Because they can, and because that's where the money is. Until those folks file Chapter 7, of course. But we're fixing that currently.

Shouldn't they be required to extend credit only to people who might be able to pay it back?

I don't think so. Who's to make that judgement of "able to repay?" With the way our society is now, if the card companies didn't lend to high-risk folks, then watchdog agencies would soon come along and accuse them of discriminatory lending practices.

By the same token, I'm way tired of hearing card companies crying about the money they lose when they make high-risk loans. You played the high-risk game, and you lost this round. Deal.

Isn't it interesting that we are so concerned about protecting an industry that rakes in record profits and charges rates that were once charge only by loan sharks?

I couldn't care less about protecting the lending industry's profits. They do a fine job of that on their own. What I do care about is personal responsibility, and this country is evidencing less and less of it.

This is not a clear-cut issue in any way. There are major responsibility flaws on both sides of the legislation - consumer and lender.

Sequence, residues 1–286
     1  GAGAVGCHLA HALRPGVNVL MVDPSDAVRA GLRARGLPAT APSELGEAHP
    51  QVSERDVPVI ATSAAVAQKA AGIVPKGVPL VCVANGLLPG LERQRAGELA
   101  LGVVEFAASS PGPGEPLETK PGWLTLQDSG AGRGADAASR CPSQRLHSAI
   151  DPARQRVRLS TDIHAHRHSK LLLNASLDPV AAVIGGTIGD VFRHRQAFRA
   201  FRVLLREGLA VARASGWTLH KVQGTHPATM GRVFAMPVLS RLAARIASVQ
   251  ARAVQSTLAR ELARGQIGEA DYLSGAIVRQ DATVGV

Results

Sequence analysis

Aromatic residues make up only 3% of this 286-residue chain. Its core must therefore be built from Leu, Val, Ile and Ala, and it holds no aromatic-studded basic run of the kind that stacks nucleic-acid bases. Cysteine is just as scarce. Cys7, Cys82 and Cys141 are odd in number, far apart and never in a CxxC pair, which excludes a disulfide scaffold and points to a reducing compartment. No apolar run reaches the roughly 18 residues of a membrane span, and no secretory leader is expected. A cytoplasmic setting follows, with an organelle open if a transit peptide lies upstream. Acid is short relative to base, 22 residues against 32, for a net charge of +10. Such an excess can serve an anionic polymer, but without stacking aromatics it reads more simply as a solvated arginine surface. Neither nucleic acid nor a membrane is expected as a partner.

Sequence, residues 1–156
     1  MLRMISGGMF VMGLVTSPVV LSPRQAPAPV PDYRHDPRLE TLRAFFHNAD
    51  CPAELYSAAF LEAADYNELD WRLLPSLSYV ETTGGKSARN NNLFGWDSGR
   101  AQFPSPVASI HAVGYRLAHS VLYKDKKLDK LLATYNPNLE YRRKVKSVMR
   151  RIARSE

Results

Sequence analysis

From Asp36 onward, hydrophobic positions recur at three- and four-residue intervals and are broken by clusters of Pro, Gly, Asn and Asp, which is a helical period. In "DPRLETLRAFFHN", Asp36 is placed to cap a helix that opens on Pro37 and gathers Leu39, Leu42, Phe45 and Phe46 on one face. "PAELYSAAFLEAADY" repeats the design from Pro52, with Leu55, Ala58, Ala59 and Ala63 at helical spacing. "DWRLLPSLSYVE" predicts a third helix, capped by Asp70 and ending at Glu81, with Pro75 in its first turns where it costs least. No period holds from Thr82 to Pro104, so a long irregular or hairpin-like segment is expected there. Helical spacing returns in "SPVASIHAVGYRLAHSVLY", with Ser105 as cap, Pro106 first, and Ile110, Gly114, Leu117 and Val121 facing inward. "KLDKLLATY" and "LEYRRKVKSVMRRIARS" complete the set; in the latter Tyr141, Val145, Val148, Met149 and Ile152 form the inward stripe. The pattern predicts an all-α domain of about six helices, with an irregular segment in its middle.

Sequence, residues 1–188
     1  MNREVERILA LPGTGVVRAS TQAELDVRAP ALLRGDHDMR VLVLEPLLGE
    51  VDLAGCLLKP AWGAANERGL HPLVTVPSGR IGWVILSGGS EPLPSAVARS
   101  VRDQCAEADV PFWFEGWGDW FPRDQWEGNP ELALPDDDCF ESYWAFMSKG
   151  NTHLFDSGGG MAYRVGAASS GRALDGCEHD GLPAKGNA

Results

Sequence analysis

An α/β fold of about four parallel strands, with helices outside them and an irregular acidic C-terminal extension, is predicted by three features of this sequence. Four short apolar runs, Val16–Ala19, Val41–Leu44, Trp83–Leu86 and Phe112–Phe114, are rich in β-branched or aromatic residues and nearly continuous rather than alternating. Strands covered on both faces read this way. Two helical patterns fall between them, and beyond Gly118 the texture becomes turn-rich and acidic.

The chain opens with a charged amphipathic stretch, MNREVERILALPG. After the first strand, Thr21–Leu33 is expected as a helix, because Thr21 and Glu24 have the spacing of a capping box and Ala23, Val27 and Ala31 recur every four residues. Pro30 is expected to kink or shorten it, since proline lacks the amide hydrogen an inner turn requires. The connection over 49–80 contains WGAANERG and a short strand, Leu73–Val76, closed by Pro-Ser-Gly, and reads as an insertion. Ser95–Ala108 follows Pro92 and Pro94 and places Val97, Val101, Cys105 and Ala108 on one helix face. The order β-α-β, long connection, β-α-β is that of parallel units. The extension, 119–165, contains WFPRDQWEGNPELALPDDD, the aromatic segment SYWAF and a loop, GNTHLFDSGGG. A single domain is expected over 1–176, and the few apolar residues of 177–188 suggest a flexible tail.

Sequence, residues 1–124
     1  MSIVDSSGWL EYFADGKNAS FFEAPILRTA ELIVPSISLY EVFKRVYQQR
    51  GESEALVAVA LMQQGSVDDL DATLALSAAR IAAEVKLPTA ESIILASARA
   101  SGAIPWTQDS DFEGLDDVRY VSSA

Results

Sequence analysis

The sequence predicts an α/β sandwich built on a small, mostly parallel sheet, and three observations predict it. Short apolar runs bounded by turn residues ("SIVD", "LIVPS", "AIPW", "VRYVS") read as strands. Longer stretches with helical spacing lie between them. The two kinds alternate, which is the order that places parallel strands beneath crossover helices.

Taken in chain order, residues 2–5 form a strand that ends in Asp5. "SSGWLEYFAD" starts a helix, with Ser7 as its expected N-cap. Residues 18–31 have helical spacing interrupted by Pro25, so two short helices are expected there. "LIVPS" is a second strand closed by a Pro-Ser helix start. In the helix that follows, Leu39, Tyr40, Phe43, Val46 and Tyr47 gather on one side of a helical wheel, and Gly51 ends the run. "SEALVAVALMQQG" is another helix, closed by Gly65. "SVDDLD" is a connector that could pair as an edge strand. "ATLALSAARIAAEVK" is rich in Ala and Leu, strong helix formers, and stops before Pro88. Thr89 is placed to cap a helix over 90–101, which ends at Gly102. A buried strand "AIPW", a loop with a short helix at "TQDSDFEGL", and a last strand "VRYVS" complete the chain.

I'm just not taking a position of "Well, this legislation isn't perfect, so let's not do anything."

 

I'm not a big business. I was involved in a real estate development deal with a CON. Unfortunately I didn't know till thousands of dollars were embezzled. After the fact I discovered: Over 50 judgements between he and his wife and 6 bankruptcy filings for chapter 13 - - all of which were dismissed.

I was mad as hell at the bankruptcy court who had the ability to stop the abusive filings. finally after about 5 hours of testimony the judge ruled the CON would not be able to file any form of bankruptcy for 5 years!

The effect of the 6 filings was to stop litigation from creditors for over two years. There was no effort whatsoever to comply with schedules. The CON under-declared his income and ommitted 2 businesses he had an interest in. He also didn't declare rental income he was receiving. This was proven by subponeaing his former tenant.

If the court cant weed out scum like this then they need to be forced to reform.

Judges need to find their spines and throw out obviously abusive filers.

Anonymous Anonymous
, at 11:40 AM, March 30, 2005